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Epstein-Barr Virus Infections in Males with the X-Linked Lymphoproliterative Syndrome

[+] Article, Author, and Disclosure Information

Grant support: in part by Public Health Service grant CA30196 from the National Cancer Institute, Department of Health and Human Services, and by a grant from the Lymphoproliferative Research Fund.

▸Requests for reprints should be addressed to David T. Purtilo, M.D.; Department of Pathology and Microbiology, University of Nebraska Medical Center, 42nd St. & Dewey Ave.; Omaha, NE 68105-1065.

Omaha, Nebraska

© 1987 American College of PhysiciansAmerican College of Physicians

Ann Intern Med. 1987;106(4):538-545. doi:10.7326/0003-4819-106-4-538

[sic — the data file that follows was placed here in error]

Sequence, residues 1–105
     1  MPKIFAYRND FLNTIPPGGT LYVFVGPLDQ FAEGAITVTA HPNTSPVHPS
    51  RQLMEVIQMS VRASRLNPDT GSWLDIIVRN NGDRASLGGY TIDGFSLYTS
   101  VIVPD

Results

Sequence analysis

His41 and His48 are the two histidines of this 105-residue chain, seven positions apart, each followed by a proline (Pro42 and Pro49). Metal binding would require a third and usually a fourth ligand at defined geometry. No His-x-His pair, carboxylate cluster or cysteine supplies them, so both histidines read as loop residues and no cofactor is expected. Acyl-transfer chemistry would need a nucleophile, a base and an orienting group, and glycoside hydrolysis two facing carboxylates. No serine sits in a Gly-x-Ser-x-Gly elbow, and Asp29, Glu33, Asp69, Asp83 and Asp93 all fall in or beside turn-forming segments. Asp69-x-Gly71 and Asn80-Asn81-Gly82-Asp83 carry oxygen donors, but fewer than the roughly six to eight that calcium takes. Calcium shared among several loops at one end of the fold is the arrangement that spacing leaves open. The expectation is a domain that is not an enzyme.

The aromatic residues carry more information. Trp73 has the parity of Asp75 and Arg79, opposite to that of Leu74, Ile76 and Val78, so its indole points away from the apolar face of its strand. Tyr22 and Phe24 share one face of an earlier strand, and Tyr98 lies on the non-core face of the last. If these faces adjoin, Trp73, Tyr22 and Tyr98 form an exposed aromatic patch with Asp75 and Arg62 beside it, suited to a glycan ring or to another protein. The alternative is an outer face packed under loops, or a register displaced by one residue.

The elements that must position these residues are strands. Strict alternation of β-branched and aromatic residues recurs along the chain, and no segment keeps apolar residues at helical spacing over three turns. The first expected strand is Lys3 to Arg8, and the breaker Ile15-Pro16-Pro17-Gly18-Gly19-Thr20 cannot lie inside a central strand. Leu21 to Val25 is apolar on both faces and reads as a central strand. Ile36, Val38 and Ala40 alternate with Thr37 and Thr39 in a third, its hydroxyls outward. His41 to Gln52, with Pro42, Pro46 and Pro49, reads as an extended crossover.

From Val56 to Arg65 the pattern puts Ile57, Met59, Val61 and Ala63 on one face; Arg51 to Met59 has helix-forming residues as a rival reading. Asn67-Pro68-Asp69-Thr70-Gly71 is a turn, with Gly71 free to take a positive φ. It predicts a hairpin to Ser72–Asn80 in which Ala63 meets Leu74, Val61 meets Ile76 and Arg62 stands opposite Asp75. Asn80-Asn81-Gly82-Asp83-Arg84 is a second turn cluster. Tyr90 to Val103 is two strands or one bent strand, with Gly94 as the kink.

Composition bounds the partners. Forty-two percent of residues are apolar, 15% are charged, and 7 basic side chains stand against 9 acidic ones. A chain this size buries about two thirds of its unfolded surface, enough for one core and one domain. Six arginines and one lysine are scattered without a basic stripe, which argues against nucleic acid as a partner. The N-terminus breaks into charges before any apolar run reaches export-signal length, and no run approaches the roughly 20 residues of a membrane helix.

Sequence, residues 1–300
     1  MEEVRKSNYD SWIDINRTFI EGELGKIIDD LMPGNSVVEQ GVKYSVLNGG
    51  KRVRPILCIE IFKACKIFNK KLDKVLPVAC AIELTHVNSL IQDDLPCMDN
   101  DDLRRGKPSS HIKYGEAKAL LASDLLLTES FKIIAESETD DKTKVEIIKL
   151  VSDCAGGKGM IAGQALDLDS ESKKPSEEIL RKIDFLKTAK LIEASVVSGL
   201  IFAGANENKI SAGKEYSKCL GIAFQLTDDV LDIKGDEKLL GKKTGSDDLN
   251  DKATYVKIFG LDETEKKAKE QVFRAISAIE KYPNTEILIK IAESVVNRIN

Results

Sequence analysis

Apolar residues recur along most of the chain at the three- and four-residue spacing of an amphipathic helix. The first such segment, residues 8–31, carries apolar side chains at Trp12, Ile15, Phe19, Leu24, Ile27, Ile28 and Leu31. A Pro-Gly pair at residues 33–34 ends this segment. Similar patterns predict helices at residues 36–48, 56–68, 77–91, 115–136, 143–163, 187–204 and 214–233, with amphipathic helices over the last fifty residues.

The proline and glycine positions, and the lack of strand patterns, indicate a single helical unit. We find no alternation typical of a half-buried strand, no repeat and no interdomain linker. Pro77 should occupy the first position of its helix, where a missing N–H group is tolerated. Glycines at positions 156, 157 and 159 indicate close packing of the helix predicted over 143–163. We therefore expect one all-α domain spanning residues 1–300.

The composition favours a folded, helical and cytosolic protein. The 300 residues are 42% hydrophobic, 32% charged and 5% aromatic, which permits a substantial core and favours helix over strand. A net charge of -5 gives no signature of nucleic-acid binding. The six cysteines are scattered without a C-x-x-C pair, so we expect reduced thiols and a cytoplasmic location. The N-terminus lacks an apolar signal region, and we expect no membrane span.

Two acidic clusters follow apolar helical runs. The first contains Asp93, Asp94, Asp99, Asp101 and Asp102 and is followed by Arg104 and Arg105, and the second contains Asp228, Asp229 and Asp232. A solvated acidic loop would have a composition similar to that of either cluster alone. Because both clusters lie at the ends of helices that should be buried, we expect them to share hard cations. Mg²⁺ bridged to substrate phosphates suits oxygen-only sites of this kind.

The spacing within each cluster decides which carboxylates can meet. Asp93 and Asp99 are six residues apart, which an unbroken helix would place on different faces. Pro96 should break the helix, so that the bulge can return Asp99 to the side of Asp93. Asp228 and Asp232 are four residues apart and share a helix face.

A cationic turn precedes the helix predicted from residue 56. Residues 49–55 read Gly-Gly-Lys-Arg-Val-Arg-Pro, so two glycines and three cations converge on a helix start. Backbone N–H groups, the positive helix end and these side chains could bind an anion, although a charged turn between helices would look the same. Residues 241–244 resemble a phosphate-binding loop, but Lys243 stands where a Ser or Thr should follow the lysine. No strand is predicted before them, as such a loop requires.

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A registry of persons with the X-linked lymphoproliferative syndrome, which is characterized by marked susceptibility to diseases induced by the Epstein-Barr virus, has enrolled 161 patients within 44 kindreds. Fifty-seven percent of the males died of infectious mononucleosis, 29% developed acquired hypogammaglobulinemia, and 24% had malignant lymphoma. The mortality rate was 80%; 70% died by 10 years of age and 100% by 40 years. Thirty-two boys survive, most with malignant lymphoma, acquired hypogammaglobulinemia, or both. We hypothesized that the defective lymphoproliferative control locus on the X chromosome results in unregulated cytotoxic lymphocytic responses to the Epstein-Barr virus; hence, severe hepatitis and virus-associated hemophagocytic syndrome occur with the infectious mononucleosis phenotype. T-cell suppression of immunoglobulin secretion by B cells is responsible for acquired hypogammaglobulinemia. A sustained polyclonal B-cell proliferation probably converts to a monoclonal B-cell malignancy as a result of molecular alterations.





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